Here is the crux of the matter as expressed in a piece which I wrote last year:

The relentless, if zigzag, rise in financial markets for the past 150 years has been sustained by cheap fossil fuels and a benign climate. We cannot count on either from here on out….

Another thing we cannot necessarily count on is the remarkable geopolitical stability that the world experienced for two long stretches during the fossil fuel age. The first one lasted from the end of the Napoleonic Wars in 1815 to the beginning of World War I in 1914 (interrupted only by the brief Franco-Prussian War). The second lasted from the end of World War II in 1945 until now.

Following the withdrawal of U.S. military forces from Iraq, the Middle East has experienced increasing chaos devolving into a civil war in Syria; the rapid success of forces calling themselves the Islamic State of Iraq and Syria which are busily reshaping the borders of those two countries; and now the renewed chaos in Libya. We must add to this the Russian-Ukranian conflict. It is no accident that all of these conflicts are related to oil and natural gas.

As I view the current world landscape, I am reminded of two movies (which I’ve written about before) that I think capture the Zeitgeist: Melancholia and Take Shelter. In both the protagonists increasingly sense that something is terribly wrong, but can’t quite put their finger on it. Everyone around them thinks they are ill or crazy. But for both protagonists, their anxiety comes from an inner vision that stems not from mere psychic disturbances, but rather from alarming real-world circumstances that are about to break into the open.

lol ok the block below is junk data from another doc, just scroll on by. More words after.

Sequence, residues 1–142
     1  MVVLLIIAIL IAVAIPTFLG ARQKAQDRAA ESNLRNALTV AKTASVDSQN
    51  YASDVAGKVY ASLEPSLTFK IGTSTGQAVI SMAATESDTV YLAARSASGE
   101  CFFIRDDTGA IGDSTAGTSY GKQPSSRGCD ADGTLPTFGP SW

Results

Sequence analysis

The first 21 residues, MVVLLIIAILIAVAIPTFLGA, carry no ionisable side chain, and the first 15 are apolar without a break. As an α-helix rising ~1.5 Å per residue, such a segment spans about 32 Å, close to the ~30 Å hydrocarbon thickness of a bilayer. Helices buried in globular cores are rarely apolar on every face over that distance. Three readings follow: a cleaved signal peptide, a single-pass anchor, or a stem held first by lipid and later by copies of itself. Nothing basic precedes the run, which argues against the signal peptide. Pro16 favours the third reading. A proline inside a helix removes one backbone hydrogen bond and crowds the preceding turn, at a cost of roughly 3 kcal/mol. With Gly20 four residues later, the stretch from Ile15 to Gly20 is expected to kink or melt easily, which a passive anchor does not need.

In a sense, these two characters represent those of us who cannot repress the pervasive anxiety of our times and who seek not merely to alleviate it, but rather to face it–to find out its origins and address its causes.

And here we return to the god Pan, mentioned at the outset. It is fitting that this god of nature–of shepherds, flocks, and wild places–should also in our age be associated with the panic we feel. For it is nature itself which is weighing on our economy in the form of climate change and fossil fuel depletion. As California–the seventh largest economy in the world behind France–burns in the heat of a multi-year drought, the grim consequences of our poor stewardship are becoming apparent. The images of fiery forests and dust-dry fields command our attention.